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The Empire through which these first Christian missionaries travelled was, particularly in its eastern part, an empire of cities. This determined the administrative structure of the primitive Church. The basic unit was the community in each city, governed by its own bishop; to assist the bishop there were presbyters or priests, and deacons. The surrounding countryside depended on the Church of the city. This pattern, with the threefold ministry of bishops, priests, and deacons, was already established in some places by the end of the first century. We can see it in the seven short letters which St lgnatius, the Bishop of Antioch, wrote about the year 107 as he travelled to Rome to be martyred. Ignatius laid emphasis upon two things in particular, the bishop and the Eucharist; he saw the Church as both hierarchical and sacramental. 'The bishop in each Church,' he wrote, 'presides in place of God.' 'Let no one do any of the things which concern the Church without the bishop ... Wherever the bishop appears, there let the people be, just as wherever Jesus Christ is, there is the Catholic Church.' And it is the bishop's primary and distinctive task to celebrate the Eucharist, 'the medicine of immortality'.
People today tend to think of the Church as a worldwide organization, in which each local body forms part of a larger and more inclusive whole. Ignatius did not look at the Church in this way. For him the local community is the Church. He thought of the Church as a Eucharistic society, which only realizes its true nature when it celebrates the Supper of the Lord, receiving His Body and Blood in the sacrament. But the Eucharist is something that can only happen locally - in each particular community gathered round its bishop; and at every local celebration of the Eucharist it is the whole Christ who is present, not just a part of Him. Therefore each local community, as it celebrates the Eucharist Sunday by Sunday, is the Church in its fullness.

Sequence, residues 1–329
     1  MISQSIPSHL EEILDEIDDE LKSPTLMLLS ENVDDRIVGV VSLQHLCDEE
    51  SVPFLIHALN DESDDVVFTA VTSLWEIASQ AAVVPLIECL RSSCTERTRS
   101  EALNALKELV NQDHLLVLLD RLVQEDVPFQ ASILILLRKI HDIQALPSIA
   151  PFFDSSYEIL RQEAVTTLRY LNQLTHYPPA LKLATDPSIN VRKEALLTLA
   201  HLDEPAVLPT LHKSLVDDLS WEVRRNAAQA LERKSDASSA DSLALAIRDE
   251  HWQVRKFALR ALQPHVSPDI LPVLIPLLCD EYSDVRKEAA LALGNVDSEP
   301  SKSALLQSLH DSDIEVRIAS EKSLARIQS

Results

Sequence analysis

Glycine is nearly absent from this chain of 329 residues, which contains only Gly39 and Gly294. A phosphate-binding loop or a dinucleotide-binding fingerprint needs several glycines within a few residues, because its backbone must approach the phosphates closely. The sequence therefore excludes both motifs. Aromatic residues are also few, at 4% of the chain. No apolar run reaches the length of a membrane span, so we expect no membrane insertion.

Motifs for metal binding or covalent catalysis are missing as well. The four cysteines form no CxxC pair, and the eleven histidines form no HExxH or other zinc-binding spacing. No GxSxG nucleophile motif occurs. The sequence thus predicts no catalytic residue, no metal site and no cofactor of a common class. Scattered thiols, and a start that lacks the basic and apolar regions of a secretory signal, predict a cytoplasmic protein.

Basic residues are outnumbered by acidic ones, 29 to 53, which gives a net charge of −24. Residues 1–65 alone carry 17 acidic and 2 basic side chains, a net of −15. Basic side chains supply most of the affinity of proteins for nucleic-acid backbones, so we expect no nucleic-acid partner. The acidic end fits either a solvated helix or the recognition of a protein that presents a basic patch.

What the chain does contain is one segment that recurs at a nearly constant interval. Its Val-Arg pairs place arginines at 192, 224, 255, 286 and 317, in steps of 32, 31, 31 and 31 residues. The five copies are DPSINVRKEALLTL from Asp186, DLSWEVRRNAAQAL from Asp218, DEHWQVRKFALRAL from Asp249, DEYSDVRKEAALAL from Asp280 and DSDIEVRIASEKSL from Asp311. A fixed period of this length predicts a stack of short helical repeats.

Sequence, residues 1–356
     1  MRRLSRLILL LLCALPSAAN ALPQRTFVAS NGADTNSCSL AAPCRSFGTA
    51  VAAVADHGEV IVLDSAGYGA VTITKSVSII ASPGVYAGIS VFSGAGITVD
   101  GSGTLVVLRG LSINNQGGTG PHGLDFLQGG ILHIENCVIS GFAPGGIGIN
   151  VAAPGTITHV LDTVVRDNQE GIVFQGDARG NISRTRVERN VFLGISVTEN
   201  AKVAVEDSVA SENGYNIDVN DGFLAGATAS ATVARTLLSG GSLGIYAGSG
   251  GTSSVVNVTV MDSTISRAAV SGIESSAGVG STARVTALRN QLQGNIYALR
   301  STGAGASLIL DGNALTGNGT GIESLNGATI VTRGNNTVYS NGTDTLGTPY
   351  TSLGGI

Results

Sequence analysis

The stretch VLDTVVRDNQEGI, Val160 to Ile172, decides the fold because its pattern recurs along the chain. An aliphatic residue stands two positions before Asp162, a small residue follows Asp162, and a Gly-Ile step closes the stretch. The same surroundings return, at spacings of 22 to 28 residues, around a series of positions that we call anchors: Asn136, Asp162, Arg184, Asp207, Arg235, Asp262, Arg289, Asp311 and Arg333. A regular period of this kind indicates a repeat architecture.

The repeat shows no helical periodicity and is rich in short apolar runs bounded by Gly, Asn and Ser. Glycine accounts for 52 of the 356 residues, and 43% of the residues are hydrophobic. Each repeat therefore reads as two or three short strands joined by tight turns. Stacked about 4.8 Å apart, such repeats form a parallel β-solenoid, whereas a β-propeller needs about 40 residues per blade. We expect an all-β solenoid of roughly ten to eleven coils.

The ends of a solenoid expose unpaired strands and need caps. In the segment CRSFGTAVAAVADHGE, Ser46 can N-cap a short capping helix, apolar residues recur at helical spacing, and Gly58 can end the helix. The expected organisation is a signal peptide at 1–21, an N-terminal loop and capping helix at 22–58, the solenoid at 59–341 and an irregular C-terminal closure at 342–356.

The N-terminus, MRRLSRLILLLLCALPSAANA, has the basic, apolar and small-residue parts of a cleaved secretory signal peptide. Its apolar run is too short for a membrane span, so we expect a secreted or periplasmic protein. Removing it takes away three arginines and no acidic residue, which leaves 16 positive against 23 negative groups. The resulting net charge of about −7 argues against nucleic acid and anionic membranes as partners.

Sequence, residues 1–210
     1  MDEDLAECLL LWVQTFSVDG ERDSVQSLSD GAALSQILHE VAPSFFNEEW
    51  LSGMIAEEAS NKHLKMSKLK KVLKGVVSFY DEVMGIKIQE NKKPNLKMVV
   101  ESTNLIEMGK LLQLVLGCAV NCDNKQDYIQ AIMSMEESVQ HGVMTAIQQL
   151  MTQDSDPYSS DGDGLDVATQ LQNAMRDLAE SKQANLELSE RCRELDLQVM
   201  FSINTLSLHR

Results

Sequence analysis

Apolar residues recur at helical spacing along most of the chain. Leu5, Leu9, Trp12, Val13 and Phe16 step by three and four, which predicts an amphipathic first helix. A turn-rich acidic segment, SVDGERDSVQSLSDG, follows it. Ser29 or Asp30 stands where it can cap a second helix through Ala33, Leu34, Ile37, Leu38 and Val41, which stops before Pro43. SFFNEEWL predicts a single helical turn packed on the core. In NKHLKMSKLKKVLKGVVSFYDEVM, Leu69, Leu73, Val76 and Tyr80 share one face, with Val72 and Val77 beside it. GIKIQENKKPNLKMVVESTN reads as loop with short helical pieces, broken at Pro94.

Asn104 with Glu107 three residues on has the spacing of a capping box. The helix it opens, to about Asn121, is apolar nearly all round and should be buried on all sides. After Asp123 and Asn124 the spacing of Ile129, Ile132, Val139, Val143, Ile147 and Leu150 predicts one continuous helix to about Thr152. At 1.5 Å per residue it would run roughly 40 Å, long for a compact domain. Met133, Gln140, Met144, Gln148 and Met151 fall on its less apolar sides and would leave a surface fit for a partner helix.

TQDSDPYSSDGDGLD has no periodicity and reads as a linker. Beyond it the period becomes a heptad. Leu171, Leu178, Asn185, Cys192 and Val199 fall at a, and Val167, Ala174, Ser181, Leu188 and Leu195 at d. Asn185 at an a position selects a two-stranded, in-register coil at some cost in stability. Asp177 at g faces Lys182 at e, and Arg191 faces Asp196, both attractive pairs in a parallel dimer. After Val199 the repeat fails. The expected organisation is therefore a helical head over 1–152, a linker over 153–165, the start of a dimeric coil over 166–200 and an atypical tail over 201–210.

The teaching of Ignatius has a permanent place in Orthodox tradition. Orthodoxy still thinks of the Church as a Eucharistic society, whose outward organization, however necessary, is secondary to its inner, sacramental life; and Orthodoxy still emphasizes the cardinal importance of the local community in the structure of the Church. To those who attend an Orthodox Pontifical Liturgy,' when the bishop stands at the beginning of the service in the middle of the church, surrounded by his flock, Ignatius of Antioch's idea of the bishop as the centre of unity in the local community will occur with particular vividness.
But besides the local community there is also the wider unity of the Church. This second aspect is developed in the writings of another martyr bishop, St Cyprian of Carthage (died 258). Cyprian saw all bishops as sharing in the one episcopate, yet sharing it in such a way that each possesses not a part but the whole. 'The episcopate,' he wrote, 'is a single whole, in which each bishop enjoys full possession. So is the Church a single whole, though it spreads far and wide into a multitude of churches as its fertility increases'. There are many churches but only one Church; many episcopi but only one episcopate.